While on stage, Ballmer demonstrated a Bing application that had a Metro (Windows Phone) like UI. The application is similiar to that provided for the Android and iPhone platforms, combining a number of Bing services, the most important of which are search and maps.
The mapping and related metadata for Bing Maps comes from the data sets of Nokia's NAVTEQ division. This goes significantly beyond the 'raw' maps and point of information data. For example, Bing Maps on BlackBerry includes Streetside view, which offers a photo-based street level view, similar to Google's Street View imagery. The data for Streetside is collected by NAVTEQ, with the most recent data sets collected by the NAVTEQ True cars.
Microsoft and Nokia recently noted that Nokia would be working to deliver to deliver mapping, navigation and location services to the Windows Phone ecosystem, drawing on the Ovi Maps and NAVTEQ assets, as part of the strategic alliance between the two companies. The exact details of the extent to which and how Nokia and Microsoft's various location services and map offerings might be combined has not yet been made public.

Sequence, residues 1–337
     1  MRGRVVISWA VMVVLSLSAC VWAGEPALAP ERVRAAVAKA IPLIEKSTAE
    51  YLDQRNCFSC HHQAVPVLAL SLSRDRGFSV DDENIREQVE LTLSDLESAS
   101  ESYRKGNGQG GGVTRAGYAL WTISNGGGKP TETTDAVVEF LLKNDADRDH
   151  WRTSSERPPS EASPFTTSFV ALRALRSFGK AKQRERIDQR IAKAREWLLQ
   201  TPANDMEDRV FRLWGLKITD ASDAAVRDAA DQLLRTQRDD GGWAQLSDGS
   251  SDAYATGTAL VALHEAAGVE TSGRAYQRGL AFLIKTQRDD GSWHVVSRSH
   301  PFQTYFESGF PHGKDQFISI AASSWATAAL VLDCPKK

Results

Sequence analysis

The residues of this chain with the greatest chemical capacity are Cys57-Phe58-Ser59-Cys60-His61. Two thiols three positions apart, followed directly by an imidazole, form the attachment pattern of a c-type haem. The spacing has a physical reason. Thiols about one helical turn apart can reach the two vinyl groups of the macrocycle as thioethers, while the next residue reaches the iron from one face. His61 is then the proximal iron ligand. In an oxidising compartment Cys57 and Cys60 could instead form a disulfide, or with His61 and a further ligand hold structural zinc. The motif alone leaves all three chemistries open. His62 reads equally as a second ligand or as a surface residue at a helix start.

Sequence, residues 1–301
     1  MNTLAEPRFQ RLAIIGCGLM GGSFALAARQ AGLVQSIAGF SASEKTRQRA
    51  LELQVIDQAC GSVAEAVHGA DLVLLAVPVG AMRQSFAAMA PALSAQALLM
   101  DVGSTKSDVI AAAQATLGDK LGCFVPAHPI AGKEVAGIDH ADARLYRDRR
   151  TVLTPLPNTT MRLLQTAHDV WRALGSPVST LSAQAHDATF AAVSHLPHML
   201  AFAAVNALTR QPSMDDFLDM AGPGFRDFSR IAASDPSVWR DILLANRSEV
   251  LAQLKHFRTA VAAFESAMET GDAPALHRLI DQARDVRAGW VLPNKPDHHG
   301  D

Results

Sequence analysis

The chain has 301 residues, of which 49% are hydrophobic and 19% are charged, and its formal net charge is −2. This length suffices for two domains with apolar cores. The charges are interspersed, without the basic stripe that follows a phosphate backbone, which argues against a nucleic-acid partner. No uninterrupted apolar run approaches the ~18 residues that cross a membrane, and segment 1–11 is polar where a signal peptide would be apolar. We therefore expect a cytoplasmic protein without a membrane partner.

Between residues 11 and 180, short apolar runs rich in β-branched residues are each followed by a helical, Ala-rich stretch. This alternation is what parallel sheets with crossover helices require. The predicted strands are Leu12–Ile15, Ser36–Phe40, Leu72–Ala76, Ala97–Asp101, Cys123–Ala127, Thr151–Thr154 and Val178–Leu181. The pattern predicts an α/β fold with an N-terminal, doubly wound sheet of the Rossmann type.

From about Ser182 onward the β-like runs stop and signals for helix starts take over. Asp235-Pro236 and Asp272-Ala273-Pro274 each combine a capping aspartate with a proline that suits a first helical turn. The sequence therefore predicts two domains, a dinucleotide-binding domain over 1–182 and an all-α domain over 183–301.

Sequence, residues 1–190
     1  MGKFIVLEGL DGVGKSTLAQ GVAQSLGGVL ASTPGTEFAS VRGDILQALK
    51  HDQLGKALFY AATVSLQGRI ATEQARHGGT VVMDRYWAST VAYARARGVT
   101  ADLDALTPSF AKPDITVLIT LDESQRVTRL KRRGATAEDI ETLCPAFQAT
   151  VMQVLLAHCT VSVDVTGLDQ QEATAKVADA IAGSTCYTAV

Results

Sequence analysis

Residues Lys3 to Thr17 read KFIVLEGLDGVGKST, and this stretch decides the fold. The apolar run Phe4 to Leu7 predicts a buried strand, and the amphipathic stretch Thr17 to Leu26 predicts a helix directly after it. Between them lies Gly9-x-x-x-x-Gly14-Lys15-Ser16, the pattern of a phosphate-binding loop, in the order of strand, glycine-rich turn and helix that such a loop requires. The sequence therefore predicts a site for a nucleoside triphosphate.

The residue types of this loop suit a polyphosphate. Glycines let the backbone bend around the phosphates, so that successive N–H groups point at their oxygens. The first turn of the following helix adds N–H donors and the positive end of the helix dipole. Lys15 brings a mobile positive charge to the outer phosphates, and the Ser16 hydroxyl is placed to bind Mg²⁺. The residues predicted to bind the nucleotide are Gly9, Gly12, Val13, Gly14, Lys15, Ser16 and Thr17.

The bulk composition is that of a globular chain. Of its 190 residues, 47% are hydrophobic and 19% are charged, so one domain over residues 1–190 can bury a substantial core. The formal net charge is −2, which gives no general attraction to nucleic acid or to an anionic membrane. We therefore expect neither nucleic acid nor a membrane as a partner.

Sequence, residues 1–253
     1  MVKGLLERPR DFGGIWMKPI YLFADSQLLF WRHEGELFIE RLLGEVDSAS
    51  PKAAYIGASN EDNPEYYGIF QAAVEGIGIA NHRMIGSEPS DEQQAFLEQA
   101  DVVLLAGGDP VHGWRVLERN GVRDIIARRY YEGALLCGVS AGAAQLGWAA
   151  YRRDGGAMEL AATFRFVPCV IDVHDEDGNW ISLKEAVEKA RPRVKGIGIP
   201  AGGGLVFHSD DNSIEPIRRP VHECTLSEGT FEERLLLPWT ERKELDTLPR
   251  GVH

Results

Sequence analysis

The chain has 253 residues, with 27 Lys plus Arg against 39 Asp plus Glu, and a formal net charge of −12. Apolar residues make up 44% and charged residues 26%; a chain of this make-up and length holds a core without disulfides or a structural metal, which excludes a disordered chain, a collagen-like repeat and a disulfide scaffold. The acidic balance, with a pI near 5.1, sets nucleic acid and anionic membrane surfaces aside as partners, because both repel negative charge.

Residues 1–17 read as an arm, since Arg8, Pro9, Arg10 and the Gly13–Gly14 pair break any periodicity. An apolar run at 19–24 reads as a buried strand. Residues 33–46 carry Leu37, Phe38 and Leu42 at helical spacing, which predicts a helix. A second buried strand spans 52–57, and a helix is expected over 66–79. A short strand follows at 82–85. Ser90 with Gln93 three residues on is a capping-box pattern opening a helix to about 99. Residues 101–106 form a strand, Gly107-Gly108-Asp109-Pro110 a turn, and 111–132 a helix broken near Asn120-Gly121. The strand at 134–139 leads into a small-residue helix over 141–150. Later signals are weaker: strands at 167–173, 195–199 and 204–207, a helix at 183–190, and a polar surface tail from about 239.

Currently both Microsoft and Nokia offer mobile applications (Ovi Maps, Bing Maps), API services (Bing Maps API, Ovi Maps API), web maps (Bing Maps, Ovi Maps) and related services. However it is the NAVTEQ geodatabases and associated technologies that are the most important strategic asset and which will be the key enabling technology, regardless of branding or the services built on top.
Today's announcement gives Microsoft's Bing services a helpful push into the mobile space. However, it will also provide additional momentum to the search and mapping services of Nokia and Microsoft's proposed third mobile ecosystem. Microsoft's search and Nokia/Microsoft-based location services will be the default on both RIM and Nokia (and other Windows Phone) devices in 2012; collectively, this represents more than 40% share of the smartphone market. Google is a clear competitive target here, and the potential situation in the mobile space in the next few years constrasts strongly with the current web space, where Google is the dominant search and, to a lesser extent, maps player.